33. 33. Template System 33 So, this... {{ begin_main_select }} SELECT foo, bar FROM baz WHERE ds={{ insert_var date => { type => ‘date’, default => days_ago_ymd(3) } }} {{ append_where { columns => { wibble => ‘string’, wobble => ‘int’ } } }}
  34. 34. Template System 34 Renders this:
  35. 35. Template System 35 Which when filled out like this:
  36. 36. Template System 36 Generates HQL like this:
  37. 37. Template System 37 Template Engine • Didn’t build anything new, just used the existing Text::Template module in a clever way • Template blocks are just Perl code, evaluated in a specified package/namespace. • Used some trickery to make it look a little less like Perl, but nothing fancy. • The things that look like “directives” are just functions. • Lots of functions defined in that namespace...
  38. 38. Template System 38 Template Functions • Functions available for: • Simple value insertion/substitution • Adding & extending WHERE clauses • Adding & extending GROUP BY clauses • Setting defaults • Manipulating and comparing dates • Parameter validation • Plus a lot of misc utils and support functions that probably should be in a different module.
  39. 39. Template System 39 Template Files • Simple format – a YAML header followed by templatized HQL code like you saw earlier: id: pageviews_uniques name: Daily Pageviews and Unique Visitors description: > Any description which will appear on the page. <i>May include HTML</i> author: optional ... {{ begin_main_select() }} SELECT foo, bar FROM baz WHERE ds={{ insert_var date => {type => ‘date’} }}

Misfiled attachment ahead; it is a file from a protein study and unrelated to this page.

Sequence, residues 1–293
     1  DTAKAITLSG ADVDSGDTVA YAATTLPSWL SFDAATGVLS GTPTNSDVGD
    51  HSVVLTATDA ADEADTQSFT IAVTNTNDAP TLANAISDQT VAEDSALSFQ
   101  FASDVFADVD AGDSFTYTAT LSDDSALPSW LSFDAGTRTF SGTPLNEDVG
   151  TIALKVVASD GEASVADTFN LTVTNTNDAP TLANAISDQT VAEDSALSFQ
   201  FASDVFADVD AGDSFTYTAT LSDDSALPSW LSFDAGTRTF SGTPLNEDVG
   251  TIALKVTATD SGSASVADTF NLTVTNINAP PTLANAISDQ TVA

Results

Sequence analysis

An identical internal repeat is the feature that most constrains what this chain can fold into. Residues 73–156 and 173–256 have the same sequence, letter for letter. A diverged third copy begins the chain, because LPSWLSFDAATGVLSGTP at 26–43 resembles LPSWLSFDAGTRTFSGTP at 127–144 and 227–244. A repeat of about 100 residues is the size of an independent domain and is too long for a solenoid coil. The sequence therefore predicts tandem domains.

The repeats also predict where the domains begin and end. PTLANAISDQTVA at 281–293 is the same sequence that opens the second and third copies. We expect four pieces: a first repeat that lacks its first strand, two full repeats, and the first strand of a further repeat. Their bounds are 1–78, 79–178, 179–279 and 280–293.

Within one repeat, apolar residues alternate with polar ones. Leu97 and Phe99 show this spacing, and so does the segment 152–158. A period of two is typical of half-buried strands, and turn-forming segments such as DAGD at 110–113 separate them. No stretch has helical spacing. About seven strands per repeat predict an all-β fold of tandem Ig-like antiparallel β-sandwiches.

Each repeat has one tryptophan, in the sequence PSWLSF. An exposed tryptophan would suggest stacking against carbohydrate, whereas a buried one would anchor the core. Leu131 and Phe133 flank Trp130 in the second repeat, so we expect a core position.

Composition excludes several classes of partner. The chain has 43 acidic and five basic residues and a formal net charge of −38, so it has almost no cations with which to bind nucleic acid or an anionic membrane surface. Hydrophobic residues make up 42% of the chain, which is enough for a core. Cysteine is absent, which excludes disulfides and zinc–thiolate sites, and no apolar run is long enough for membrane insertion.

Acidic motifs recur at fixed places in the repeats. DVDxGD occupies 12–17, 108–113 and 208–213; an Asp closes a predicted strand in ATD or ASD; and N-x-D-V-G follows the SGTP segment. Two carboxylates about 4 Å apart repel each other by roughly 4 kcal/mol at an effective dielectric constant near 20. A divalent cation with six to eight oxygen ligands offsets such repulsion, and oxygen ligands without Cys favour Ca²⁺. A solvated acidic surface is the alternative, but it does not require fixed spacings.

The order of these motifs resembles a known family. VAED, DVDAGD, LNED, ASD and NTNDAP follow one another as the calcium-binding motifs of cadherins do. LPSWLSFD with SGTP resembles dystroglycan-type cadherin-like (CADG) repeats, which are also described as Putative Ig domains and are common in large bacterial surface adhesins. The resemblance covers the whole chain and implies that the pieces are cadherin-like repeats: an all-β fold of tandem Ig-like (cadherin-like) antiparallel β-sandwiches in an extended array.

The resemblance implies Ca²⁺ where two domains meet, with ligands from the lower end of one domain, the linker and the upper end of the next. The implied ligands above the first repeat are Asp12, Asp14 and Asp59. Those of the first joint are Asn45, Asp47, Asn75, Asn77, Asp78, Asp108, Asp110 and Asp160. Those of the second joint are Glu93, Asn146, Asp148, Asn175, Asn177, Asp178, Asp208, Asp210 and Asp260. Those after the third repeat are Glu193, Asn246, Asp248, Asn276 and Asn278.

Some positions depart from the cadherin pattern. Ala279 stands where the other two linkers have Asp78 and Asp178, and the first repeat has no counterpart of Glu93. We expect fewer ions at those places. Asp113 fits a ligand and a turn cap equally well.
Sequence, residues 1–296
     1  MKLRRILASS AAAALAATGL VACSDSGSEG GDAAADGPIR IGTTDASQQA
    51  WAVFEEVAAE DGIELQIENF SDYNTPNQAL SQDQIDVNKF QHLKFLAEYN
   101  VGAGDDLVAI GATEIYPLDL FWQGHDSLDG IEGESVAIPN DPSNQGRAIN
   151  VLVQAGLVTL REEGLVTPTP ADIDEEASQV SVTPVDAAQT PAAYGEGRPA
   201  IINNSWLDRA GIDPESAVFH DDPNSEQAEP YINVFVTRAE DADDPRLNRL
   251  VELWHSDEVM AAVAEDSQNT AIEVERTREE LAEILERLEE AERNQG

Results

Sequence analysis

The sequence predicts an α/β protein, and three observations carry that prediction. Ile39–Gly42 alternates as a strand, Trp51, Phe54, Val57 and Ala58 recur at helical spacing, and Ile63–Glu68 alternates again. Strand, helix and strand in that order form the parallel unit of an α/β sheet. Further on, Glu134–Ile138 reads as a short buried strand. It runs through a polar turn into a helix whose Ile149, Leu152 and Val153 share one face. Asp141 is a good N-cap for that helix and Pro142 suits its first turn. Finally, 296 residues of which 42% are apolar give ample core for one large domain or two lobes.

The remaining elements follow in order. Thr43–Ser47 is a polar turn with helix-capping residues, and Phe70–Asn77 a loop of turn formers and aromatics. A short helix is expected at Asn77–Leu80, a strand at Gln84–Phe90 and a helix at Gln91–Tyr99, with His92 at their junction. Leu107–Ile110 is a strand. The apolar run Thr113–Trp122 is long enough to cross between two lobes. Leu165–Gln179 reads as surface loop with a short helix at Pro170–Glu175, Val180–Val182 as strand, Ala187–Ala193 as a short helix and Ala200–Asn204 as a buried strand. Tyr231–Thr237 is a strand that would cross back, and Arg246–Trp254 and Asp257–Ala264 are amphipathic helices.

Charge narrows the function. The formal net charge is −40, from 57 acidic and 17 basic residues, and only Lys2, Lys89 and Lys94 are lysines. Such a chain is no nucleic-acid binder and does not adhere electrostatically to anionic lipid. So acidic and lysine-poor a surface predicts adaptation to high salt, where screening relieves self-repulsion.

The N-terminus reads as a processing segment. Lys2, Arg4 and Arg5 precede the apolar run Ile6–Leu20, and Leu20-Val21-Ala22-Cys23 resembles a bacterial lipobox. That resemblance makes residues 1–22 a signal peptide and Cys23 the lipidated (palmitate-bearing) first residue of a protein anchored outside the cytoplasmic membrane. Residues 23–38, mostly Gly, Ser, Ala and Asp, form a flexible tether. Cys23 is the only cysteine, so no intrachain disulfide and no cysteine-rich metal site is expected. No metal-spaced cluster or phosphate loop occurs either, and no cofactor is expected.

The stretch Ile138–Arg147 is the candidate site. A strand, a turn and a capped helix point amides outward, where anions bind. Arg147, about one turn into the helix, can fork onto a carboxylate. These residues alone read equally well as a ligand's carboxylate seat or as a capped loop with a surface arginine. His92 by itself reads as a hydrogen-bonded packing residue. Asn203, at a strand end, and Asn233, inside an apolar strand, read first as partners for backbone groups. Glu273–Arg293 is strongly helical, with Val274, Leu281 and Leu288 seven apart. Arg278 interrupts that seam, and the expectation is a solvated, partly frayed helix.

40. 40. Template System 40 Issues • Code in the web-app depends on the structure of data internal to the template module. • Would take a lot of work to fix, but worth it. • Template evaluation is a potential security nightmare. • Perl does have a sandbox module for this sort of things, though. I just need RTFM and use it. • The APIs of the various functions isn’t entirely consistent, but not too bad • Will definitely fix for next release.
  41. 41. Try it for yourself 41
  42. 42. Try for Yourself 42 Availability • Source code available on GitHub now: • • Apache 2.0 Licensed • Modest system prerequisites • Automated download and installation of all dependencies • Works on a variety of platforms • Bug Reports, Feature Requests and Pull Requests all *very welcome*
  43. 43. The future? 43
  44. 44. Future Plans 44 • Complete rewrite of the back-end for cleaner and more flexible code. • Implement sandboxing for template security • More user-oriented features, like • Ability to save pre-filled query reports • Better management of past and running jobs • Better status info from the backend • Column-headers in report output • An administrator dashboard/console • Bug-fixes, feature enhancements, lots more
  45. 45. Future Possibilities 45 • Workflow & Scheduling functionality • Separate template system for stand-alone use • Make the back-end good enough to be a viable replacement for the Hive Thrift Server. • Add template functions for joins, sub-selects, and lots of other HQL constructs that aren’t yet customizable. • Add ability for a single template to define multiple queries delivering in multiple result- sets. • Rewrite in Perl 6 😉
  46. 46. Questions? ? Any Questions?